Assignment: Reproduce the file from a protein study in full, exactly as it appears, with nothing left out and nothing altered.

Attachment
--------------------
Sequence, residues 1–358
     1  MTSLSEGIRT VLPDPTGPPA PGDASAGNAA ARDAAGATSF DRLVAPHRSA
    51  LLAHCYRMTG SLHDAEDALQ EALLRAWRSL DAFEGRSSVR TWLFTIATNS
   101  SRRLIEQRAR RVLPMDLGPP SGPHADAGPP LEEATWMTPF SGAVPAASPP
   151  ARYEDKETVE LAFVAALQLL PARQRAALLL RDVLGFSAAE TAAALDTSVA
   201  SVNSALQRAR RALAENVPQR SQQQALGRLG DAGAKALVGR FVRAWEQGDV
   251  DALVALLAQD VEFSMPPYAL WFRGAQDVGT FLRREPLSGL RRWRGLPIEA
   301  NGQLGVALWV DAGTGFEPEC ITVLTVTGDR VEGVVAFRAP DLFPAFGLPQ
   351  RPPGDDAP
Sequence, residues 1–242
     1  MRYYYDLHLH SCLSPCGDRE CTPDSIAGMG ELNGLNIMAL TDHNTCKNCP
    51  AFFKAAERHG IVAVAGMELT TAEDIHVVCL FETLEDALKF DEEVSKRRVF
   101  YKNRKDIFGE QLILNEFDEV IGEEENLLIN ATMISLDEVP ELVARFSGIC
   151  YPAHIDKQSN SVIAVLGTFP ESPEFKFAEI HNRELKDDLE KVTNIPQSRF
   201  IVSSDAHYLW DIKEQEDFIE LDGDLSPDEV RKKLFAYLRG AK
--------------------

Sequence, residues 1–358
     1  MTSLSEGIRT VLPDPTGPPA PGDASAGNAA ARDAAGATSF DRLVAPHRSA
    51  LLAHCYRMTG SLHDAEDALQ EALLRAWRSL DAFEGRSSVR TWLFTIATNS
   101  SRRLIEQRAR RVLPMDLGPP SGPHADAGPP LEEATWMTPF SGAVPAASPP
   151  ARYEDKETVE LAFVAALQLL PARQRAALLL RDVLGFSAAE TAAALDTSVA
   201  SVNSALQRAR RALAENVPQR SQQQALGRLG DAGAKALVGR FVRAWEQGDV
   251  DALVALLAQD VEFSMPPYAL WFRGAQDVGT FLRREPLSGL RRWRGLPIEA
   301  NGQLGVALWV DAGTGFEPEC ITVLTVTGDR VEGVVAFRAP DLFPAFGLPQ
   351  RPPGDDAP
Sequence, residues 1–242
     1  MRYYYDLHLH SCLSPCGDRE CTPDSIAGMG ELNGLNIMAL TDHNTCKNCP
    51  AFFKAAERHG IVAVAGMELT TAEDIHVVCL FETLEDALKF DEEVSKRRVF
   101  YKNRKDIFGE QLILNEFDEV IGEEENLLIN ATMISLDEVP ELVARFSGIC
   151  YPAHIDKQSN SVIAVLGTFP ESPEFKFAEI HNRELKDDLE KVTNIPQSRF
   201  IVSSDAHYLW DIKEQEDFIE LDGDLSPDEV RKKLFAYLRG AK